Obama offers few insights for feds in State of the Union

Tuesday - 1/28/2014, 10:50pm EST

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The HealthCare.gov debacle wasn't enough to get technology and procurement reforms into the 2014 State of the Union address.

President Barack Obama tonight addressed a handful of management issues in his annual speech to Congress and the nation, including the continued improvement of the federal permitting process and a government-wide review of federal training programs. But the President didn't offer any insight into the potential ideas his administration is developing to improve how the government implements complex IT programs.

Several industry groups reported previously that Obama likely would address these issues in his speech.

Instead, Obama called on Congress to make 2014 a year of action around common themes such as energy independence, immigration and education.

"For several years now, this town has been consumed by a rancorous argument over the proper size of the federal government. It's an important debate — one that dates back to our very founding. But when that debate prevents us from carrying out even the most basic functions of our democracy — when our differences shut down government or threaten the full faith and credit of the United States — then we are not doing right by the American people," Obama said. "As President, I'm committed to making Washington work better and rebuilding the trust of the people who sent us here. I believe most of you are too. Last month, thanks to the work of Democrats and Republicans, this Congress finally produced a budget that undoes some of last year's severe cuts to priorities like education. Nobody got everything they wanted and we can still do more to invest in this country's future while bringing down our deficit in a balanced way. But the budget compromise should leave us freer to focus on creating new jobs, not creating new crises."

The only mention of federal procurement came when Obama announced the expected increase in the minimum wage federal contractors must pay their workers.

"In the coming weeks, I will issue an Executive Order requiring federal contractors to pay their federally-funded employees a fair wage of at least $10.10 an hour because if you cook our troops' meals or wash their dishes, you shouldn't have to live in poverty," Obama said.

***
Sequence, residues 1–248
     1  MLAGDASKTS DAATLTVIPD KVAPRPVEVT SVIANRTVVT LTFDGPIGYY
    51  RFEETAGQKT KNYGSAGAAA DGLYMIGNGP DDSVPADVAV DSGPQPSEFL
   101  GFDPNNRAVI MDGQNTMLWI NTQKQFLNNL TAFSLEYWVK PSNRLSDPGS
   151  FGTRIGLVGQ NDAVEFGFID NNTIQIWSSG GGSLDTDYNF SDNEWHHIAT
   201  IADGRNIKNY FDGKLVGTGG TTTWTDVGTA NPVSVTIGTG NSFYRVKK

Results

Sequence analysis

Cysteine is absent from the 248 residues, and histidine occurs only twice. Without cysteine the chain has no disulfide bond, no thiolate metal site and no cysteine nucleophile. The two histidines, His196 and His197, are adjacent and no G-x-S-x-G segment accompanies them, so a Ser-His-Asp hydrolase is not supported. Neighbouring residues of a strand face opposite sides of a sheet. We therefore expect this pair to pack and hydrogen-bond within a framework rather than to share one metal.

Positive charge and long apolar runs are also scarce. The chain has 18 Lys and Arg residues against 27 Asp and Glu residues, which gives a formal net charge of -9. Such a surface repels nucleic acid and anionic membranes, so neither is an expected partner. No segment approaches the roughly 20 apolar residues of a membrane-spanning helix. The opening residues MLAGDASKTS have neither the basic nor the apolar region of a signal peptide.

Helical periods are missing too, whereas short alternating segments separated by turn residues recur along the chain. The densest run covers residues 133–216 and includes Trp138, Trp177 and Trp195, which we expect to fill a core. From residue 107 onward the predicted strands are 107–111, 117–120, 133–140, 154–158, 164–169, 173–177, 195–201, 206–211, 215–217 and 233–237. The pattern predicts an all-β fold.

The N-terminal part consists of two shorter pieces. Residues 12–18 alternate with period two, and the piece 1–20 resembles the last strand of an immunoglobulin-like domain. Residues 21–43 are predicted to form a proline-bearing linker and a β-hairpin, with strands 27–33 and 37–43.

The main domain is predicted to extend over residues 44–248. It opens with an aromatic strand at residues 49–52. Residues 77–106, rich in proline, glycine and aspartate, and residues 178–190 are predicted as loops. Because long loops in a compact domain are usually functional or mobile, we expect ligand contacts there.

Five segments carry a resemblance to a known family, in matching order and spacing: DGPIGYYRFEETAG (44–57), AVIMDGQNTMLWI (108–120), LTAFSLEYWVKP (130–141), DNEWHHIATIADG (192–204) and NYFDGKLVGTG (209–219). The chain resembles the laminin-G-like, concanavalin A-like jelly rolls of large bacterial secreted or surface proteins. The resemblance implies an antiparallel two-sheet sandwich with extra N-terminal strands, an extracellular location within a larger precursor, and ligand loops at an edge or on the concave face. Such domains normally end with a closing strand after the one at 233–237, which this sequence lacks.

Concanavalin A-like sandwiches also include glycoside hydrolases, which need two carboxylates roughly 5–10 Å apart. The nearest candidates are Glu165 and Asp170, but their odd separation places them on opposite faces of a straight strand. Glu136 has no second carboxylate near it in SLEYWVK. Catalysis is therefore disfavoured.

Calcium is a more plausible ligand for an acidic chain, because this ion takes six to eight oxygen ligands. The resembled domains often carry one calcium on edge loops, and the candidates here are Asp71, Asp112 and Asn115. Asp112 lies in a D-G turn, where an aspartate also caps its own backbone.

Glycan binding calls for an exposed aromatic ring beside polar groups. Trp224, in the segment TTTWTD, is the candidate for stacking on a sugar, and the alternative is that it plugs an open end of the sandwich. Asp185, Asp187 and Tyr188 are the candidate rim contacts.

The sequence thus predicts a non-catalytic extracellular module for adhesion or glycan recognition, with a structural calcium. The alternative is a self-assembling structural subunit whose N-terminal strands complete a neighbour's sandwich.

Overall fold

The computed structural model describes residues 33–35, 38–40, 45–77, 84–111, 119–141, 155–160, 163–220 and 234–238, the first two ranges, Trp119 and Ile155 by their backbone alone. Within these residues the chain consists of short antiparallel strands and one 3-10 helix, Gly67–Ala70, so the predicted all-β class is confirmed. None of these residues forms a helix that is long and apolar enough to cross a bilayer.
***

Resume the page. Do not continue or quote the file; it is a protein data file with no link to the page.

As for federal agency management issues, the only new initiative was the President's call for a comprehensive review of all federal training programs.

"So tonight, I've asked Vice President [Joe] Biden to lead an across-the-board reform of America's training programs to make sure they have one mission: train Americans with the skills employers need and match them to good jobs that need to be filled right now," the President said. "That means more on-the-job training and more apprenticeships that set a young worker on an upward trajectory for life. It means connecting companies to community colleges that can help design training to fill their specific needs. And, if Congress wants to help, you can concentrate funding on proven programs that connect more ready-to-work Americans with ready-to-be-filled jobs."

The White House said in a fact sheet the government will help community colleges build partnerships with businesses so that as industries' skills needs change community colleges can quickly adapt.

Throughout his speech, Obama emphasized the importance of education. He said the government's commitment in 2013 to connect 99 percent of the nation's students to high-speed broadband over the next four years is getting some help.

"Tonight, I can announce that with the support of the Federal Communications Commission and companies like Apple, Microsoft, Sprint, and Verizon, we've got a down payment to start connecting more than 15,000 schools and 20-million students over the next two years, without adding a dime to the deficit," he said.

Additionally, Obama committed to launch six more high-tech manufacturing hubs to help advance the research and development of new technologies.

Obama also reiterated his commitment to improve how quickly federal agencies review and decide on permitting applications, especially for natural gas exploration and drilling.

"I'll cut red tape to help states get those factories built, and this Congress can help by putting people to work building fueling stations that shift more cars and trucks from foreign oil to American natural gas," he said. "My administration will keep working with the industry to sustain production and job growth while strengthening protection of our air, our water and our communities. And while we're at it, I'll use my authority to protect more of our pristine federal lands for future generations."

Since August 2011 when Obama issued a memo to improve the permitting process, agencies have expedited the permitting and review of 52 major projects, and completed the review of 32 projects including bridges, railways, ports and waterways, roads and renewable energy projects.

The White House said agencies also have "completed a comprehensive review to identify best practices, such as having multiple agencies review a project at the same time instead of consecutively. In the coming weeks, the President will publish a plan to institutionalize these best practices."

Obama mentioned, but offered few details on the reforms he'd make around the National Security Agency's surveillance programs.

He also recommitted to decreasing the backlog of claims at the Veterans Affairs Department. Obama, however, didn't offer any more details on how VA would do that.

"We'll keep working to help all our veterans translate their skills and leadership into jobs here at home. And we all continue to join forces to honor and support our remarkable military families," he said.

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